*Math-U-See founder Steve Demme took some time to talk about Math-U-See’s philosophy in his own words. He also provides some great strategies for nailing down those math facts. Here’s what he had to say:*

I’m going to start with a quick summary of the Math-U-See philosophy. This will be helpful for those who don’t know about Math-U-See, as well as current customers.

One of the goals of Math-U-See is to teach students to understand math as well as know how to do it. In Math-U-See, we have 30 lessons per level. In what I would call general math or the elementary level, we start in Alpha, which is just single-digit adding and subtracting. I’ll be referring to that book a lot today. And then we do Beta, which is multiple-digit adding and subtracting. And then we teach Gamma, which is all multiplication from facts all the way through multiple-digit multiplication. Those three books, though, are the first three in our series, and each of those books has 30 lessons; Math-U-See typically only teaches one topic per lesson.

What we want you to do is to master the material in each lesson, so you move through the book progressively. You’re moving from a position of confidence, because you’ll have mastered this, and then you’re only going to learn one new thing each lesson. Some textbooks give you three or four topics per lesson, and they’ll go all over over the place, and we’re not going to do that. We’re going to give you one thing at a time, and usually, those are pretty bite-sized chunks. If you can focus on one lesson at a time, get the material in that lesson before you move to the next lesson, you’re going to have a happy kid, you’re going to have a confident kid, and you’re going to have a student that really has had a chance to build up his self-esteem.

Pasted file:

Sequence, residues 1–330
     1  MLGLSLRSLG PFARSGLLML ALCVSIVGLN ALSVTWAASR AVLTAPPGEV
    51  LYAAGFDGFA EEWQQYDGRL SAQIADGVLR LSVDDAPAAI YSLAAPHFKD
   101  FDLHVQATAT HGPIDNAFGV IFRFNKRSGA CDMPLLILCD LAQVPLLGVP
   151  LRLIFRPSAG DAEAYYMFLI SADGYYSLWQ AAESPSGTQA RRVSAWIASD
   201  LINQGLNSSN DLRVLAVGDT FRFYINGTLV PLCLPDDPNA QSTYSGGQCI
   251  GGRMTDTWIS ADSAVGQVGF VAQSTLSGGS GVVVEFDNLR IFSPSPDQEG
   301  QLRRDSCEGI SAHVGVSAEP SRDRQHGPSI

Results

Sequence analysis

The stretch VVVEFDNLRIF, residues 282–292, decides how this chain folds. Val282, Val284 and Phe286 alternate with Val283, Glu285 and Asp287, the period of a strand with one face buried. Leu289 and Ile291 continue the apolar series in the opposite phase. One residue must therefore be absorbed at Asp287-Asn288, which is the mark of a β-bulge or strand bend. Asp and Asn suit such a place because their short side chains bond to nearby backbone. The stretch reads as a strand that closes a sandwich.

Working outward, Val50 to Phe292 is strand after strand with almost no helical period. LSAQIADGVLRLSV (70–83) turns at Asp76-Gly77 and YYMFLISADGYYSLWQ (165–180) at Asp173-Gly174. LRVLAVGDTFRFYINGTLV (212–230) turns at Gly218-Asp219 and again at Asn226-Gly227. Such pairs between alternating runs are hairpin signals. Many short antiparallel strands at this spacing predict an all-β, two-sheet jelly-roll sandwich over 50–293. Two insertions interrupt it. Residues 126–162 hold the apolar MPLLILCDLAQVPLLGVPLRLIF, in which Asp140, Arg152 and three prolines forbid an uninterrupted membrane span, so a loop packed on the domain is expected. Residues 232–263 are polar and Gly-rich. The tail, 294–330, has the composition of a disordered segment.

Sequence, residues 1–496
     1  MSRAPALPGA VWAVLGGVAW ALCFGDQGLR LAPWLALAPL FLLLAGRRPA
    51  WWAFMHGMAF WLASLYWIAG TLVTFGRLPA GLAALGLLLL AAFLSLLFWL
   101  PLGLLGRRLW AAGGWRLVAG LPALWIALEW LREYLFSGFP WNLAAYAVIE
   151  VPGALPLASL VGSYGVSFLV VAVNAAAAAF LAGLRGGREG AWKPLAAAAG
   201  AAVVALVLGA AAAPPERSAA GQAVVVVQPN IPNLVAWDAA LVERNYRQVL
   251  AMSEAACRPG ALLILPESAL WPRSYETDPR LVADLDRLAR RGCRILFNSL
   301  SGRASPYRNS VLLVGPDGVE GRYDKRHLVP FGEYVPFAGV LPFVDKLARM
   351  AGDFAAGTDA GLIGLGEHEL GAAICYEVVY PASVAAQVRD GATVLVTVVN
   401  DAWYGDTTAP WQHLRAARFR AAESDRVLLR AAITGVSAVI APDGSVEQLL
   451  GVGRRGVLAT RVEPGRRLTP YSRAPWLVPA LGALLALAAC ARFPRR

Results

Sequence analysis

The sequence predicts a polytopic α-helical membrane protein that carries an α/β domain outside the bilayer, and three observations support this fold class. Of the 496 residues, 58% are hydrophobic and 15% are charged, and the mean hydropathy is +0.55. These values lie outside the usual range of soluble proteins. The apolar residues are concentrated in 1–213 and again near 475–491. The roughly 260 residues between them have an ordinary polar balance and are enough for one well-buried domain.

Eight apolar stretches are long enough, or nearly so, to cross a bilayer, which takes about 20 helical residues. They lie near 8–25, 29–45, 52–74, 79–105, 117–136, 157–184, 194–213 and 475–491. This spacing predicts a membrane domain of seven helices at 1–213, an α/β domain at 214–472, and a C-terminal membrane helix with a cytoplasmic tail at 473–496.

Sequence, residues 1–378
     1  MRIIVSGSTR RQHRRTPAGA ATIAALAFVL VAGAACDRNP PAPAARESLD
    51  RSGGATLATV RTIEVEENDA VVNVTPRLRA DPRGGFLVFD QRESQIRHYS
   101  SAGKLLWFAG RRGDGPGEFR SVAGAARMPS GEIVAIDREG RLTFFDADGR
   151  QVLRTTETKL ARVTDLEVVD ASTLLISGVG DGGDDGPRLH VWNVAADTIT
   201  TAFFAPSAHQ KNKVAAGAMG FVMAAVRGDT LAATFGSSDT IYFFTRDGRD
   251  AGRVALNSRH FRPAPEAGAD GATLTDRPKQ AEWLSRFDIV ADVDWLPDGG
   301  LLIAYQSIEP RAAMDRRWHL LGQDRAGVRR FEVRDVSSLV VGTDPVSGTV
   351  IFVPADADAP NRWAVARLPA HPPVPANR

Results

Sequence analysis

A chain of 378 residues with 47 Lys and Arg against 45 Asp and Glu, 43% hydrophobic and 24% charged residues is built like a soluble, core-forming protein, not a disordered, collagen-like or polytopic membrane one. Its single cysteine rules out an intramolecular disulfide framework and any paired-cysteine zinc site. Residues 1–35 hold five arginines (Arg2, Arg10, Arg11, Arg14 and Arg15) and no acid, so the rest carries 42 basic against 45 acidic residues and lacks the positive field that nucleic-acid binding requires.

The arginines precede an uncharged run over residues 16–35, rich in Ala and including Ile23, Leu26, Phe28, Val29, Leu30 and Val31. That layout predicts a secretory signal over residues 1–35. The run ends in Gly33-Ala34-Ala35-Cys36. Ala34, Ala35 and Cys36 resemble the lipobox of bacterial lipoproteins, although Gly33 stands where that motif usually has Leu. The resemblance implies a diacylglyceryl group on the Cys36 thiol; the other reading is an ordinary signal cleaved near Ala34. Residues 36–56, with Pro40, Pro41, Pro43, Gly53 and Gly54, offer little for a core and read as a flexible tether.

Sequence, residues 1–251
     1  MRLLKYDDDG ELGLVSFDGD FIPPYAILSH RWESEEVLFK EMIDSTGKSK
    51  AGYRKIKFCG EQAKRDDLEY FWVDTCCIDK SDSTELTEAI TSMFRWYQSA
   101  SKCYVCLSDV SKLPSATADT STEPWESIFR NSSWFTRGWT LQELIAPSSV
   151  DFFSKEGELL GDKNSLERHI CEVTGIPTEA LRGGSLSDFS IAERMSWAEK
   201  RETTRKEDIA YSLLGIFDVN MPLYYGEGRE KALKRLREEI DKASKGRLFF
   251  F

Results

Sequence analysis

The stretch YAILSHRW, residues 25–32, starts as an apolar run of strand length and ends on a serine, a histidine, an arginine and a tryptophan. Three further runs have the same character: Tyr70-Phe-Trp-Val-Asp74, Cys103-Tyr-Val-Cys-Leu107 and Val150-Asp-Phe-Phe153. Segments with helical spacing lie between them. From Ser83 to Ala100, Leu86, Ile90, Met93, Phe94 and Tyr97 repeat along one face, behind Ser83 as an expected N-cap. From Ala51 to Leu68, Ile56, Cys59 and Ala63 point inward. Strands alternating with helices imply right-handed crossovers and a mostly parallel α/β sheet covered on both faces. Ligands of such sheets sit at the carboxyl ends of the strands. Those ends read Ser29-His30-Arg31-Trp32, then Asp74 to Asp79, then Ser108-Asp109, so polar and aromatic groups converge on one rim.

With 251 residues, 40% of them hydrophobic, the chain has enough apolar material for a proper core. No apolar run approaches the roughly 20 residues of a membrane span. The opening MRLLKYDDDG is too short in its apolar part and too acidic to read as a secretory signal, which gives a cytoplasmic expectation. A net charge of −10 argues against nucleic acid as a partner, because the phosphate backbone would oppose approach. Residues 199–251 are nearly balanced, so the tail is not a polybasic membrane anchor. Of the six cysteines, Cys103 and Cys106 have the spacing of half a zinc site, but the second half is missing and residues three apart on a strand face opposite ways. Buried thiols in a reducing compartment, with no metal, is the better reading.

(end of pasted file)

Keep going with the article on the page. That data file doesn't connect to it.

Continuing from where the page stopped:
When we teach math facts, we spread out the addition facts over several different lessons. I’m going to go through the addition sequence, but this whole concept of Math-U-See is line upon line, precept upon precept, here a little, there a little, that’s exactly what we’re trying to do. Math-U-See provides several different ways that we can teach math fact memorization; I’ll be showing you this later.

One question I get a lot is what the parent is responsible for in the math instruction. Math-U-See is just a curriculum, and you are the teacher. What Math-U-See does is give you the information and the tools so that you can present them to your student for the best success; I think this is a cooperative effort. You can even have your kids watch the Math-U-See videos with you if you like. You know your child, and you know best how they learn, how fast or how slow you should go, and where they need help and reinforcement. I’m counting on your expertise to apply it properly, and you’re counting on our expertise to give you the tools to teach math.

One of the things that we do at Math-U-See is to give you several different ways to teach, and you have to choose which one fits your student the best, which one clicks. Teach to a child’s strengths, but build up their weaknesses.

How would I apply this?